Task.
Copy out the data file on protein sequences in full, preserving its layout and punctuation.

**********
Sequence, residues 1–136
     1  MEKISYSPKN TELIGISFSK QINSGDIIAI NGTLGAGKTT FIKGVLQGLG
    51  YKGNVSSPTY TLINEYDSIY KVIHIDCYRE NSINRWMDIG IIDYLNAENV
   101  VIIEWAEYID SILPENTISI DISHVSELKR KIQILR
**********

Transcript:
Sequence, residues 1–136
     1  MEKISYSPKN TELIGISFSK QINSGDIIAI NGTLGAGKTT FIKGVLQGLG
    51  YKGNVSSPTY TLINEYDSIY KVIHIDCYRE NSINRWMDIG IIDYLNAENV
   101  VIIEWAEYID SILPENTISI DISHVSELKR KIQILR